Because I have to humor them to get to you.
Because of the way you rifle and pilfer
and leave the contents of my purse an eruption on the living room floor.

Because I have a reoccurring dream
that you’re drowning in a neighbor’s swimming pool.
Because I almost drowned in Aunt Pat’s
pool when I was eleven.
Because I’ve had that dream once a week
since I was six years old.
Because you’d think it wouldn’t be scary anymore.

Because I remember Mom saying “my perfect family
is ruined” and crying over it.
Because she cried for having said it.
Because of your frightening, purple face,
bulbous eyes, crooked fingers.
Because she told me to be disgusted with myself
in junior high, when you “emme hand,
May Tatie” in the mall, and I wouldn’t take it.

Because you wander into traffic.
Because you still ask about Bailey, three years after
she died a step ahead of you.
Because I wish I could just be furious.

Because sixteen years of “hold yous” and lip sauce and
my arms are tired.
Because I might be an ogre.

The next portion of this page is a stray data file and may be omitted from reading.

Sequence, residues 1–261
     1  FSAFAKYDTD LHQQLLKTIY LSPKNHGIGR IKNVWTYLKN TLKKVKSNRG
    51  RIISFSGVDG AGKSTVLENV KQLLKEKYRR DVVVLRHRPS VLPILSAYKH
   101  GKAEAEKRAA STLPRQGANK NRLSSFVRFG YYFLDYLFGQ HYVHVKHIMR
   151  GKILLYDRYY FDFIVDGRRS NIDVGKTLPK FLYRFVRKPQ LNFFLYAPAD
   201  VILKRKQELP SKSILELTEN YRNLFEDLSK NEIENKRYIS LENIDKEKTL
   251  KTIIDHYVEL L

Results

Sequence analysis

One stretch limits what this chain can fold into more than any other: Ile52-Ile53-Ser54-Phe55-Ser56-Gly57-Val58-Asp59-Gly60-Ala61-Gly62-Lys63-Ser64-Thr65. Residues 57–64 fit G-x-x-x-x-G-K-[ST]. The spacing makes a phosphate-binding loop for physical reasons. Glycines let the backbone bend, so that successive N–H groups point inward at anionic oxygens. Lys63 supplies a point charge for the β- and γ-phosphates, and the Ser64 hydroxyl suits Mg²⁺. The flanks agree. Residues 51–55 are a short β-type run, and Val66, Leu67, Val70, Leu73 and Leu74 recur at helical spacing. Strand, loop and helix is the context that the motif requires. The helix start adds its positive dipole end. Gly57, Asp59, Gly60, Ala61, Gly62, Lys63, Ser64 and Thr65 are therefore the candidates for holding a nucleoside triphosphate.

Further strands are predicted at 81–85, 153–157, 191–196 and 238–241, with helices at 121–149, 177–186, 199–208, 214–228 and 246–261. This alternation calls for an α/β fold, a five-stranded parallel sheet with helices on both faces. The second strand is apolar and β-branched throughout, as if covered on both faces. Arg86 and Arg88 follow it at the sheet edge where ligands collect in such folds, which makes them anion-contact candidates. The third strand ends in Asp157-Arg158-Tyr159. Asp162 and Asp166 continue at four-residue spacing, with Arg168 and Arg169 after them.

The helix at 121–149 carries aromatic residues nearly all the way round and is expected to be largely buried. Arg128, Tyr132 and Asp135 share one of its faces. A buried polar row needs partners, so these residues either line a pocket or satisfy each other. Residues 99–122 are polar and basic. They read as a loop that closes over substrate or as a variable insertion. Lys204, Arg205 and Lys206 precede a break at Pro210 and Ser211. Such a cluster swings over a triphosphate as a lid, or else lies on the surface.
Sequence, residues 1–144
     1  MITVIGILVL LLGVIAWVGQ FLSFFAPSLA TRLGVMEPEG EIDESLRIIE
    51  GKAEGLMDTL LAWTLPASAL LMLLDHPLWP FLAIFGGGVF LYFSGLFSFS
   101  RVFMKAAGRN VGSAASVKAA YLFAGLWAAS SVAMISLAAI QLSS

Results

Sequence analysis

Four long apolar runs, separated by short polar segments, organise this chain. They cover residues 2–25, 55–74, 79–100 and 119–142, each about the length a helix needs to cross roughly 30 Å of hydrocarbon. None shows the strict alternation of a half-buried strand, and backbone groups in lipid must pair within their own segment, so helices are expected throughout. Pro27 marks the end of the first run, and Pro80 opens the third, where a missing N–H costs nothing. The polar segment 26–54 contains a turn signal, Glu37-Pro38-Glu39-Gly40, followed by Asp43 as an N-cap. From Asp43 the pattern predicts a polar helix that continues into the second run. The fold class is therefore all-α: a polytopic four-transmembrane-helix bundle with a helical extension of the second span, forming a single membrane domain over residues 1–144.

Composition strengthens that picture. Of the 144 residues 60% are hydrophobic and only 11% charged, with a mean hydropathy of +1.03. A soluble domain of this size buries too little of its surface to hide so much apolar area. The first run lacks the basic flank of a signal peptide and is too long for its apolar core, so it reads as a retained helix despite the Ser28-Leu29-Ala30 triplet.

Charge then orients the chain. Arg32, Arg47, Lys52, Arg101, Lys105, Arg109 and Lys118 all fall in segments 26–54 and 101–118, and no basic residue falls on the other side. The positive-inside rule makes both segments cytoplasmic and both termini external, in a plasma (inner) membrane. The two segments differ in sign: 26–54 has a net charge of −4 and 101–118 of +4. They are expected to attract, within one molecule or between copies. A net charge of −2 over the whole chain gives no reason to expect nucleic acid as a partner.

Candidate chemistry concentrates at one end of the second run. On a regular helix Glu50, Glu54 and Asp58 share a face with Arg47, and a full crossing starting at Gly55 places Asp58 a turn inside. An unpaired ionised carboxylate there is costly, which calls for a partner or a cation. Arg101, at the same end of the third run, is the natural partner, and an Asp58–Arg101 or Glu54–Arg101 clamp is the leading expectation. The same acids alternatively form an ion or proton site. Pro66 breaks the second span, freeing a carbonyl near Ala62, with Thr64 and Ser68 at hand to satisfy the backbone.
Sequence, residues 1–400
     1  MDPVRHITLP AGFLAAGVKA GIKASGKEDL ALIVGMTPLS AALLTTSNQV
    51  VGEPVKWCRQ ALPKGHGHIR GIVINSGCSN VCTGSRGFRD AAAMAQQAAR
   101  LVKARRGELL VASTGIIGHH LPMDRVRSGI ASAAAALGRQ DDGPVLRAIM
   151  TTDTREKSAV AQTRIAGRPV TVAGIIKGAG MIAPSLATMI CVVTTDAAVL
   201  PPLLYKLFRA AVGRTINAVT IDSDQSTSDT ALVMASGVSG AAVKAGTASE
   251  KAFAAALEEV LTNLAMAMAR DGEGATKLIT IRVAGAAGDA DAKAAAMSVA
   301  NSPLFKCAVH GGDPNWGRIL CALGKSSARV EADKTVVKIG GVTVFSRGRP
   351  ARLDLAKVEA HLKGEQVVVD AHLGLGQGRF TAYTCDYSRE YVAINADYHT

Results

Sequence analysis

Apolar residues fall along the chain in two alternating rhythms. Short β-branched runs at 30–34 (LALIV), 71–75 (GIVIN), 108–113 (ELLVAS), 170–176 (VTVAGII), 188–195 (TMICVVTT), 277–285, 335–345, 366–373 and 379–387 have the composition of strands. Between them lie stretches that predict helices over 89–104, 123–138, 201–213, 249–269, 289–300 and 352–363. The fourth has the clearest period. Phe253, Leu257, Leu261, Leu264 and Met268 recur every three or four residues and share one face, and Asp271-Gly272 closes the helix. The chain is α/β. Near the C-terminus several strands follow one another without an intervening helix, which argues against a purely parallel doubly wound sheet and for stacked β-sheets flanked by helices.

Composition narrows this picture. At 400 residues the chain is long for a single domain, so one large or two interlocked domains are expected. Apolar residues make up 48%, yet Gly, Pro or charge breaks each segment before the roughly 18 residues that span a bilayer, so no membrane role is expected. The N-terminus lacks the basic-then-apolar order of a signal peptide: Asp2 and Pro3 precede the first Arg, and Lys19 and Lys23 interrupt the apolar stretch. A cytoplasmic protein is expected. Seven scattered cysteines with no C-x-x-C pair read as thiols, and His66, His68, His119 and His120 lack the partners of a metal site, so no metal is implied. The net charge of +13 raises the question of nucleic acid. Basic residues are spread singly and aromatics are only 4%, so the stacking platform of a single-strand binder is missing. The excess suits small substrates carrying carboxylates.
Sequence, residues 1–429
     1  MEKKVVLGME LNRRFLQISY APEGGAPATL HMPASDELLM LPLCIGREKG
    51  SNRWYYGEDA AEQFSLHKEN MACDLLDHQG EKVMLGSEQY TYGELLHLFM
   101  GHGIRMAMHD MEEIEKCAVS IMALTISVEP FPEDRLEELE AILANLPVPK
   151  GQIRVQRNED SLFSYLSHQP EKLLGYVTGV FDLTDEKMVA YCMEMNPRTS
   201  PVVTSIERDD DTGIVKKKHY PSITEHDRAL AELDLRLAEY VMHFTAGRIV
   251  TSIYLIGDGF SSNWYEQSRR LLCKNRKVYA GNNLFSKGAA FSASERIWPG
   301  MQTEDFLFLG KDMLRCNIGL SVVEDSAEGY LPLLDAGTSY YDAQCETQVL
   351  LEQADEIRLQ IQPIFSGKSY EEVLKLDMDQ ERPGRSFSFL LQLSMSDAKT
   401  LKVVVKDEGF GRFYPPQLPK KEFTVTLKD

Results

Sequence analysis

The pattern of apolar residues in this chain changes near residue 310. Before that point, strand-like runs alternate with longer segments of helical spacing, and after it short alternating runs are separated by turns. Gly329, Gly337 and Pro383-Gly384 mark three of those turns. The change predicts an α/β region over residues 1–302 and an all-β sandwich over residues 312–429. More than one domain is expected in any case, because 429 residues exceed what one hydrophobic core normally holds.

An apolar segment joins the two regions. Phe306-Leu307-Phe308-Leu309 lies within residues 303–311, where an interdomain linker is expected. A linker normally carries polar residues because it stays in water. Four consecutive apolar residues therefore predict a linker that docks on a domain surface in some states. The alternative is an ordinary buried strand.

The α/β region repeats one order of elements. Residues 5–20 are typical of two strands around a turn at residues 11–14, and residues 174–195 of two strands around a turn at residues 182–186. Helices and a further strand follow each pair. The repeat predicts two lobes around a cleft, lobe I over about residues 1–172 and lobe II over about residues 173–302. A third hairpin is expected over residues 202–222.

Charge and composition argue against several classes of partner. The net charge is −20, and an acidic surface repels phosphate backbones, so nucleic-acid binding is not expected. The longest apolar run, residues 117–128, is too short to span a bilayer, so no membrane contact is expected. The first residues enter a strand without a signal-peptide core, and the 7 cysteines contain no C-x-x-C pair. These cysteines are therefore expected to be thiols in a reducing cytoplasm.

Because when they go, you’ll be
passed around to four weary nurses.
Because we’ll be watching you
like a newborn on life support.

Because I dreamed I sang a lullaby at your funeral.
Because I know I’ll sing a lullaby at your wake.

Because I’m five and a half years older than you.
Because she needs to die first, then he needs to die,
before you can die.
Because you’ve been dying since the day you were born.





That day you picked me up from the airport
and refused to call Tammy before the wedding,
I shaved my legs in the bathroom of Sears-Roebuck,
cut myself half a dozen times, and played rooster
with Anna in the backseat until you turned around
and snapped at me, getting ready for
God’s house without make-up on.

I was the red cotton girl at a table of little black dresses.
Standing, your fingertips pressed so-help-me-God on the linen,
back turned, you conspired with the table of honor,
turned pulpit, tea-lit, turned as if
is this god-fearing enough, woman?